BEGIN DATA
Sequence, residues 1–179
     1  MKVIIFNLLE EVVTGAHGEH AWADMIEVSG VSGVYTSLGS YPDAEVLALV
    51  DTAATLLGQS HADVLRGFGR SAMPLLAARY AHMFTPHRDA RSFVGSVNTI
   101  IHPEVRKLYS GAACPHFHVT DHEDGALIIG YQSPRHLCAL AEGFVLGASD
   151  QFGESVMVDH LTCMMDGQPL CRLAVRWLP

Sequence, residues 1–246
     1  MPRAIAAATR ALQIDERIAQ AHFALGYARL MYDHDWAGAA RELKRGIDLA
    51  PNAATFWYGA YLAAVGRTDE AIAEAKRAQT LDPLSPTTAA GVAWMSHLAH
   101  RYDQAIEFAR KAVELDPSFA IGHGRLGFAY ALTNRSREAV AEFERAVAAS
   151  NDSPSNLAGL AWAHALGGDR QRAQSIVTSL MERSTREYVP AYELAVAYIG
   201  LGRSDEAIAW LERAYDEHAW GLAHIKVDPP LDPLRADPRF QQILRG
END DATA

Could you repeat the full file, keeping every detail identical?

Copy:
Sequence, residues 1–179
     1  MKVIIFNLLE EVVTGAHGEH AWADMIEVSG VSGVYTSLGS YPDAEVLALV
    51  DTAATLLGQS HADVLRGFGR SAMPLLAARY AHMFTPHRDA RSFVGSVNTI
   101  IHPEVRKLYS GAACPHFHVT DHEDGALIIG YQSPRHLCAL AEGFVLGASD
   151  QFGESVMVDH LTCMMDGQPL CRLAVRWLP

Sequence, residues 1–246
     1  MPRAIAAATR ALQIDERIAQ AHFALGYARL MYDHDWAGAA RELKRGIDLA
    51  PNAATFWYGA YLAAVGRTDE AIAEAKRAQT LDPLSPTTAA GVAWMSHLAH
   101  RYDQAIEFAR KAVELDPSFA IGHGRLGFAY ALTNRSREAV AEFERAVAAS
   151  NDSPSNLAGL AWAHALGGDR QRAQSIVTSL MERSTREYVP AYELAVAYIG
   201  LGRSDEAIAW LERAYDEHAW GLAHIKVDPP LDPLRADPRF QQILRG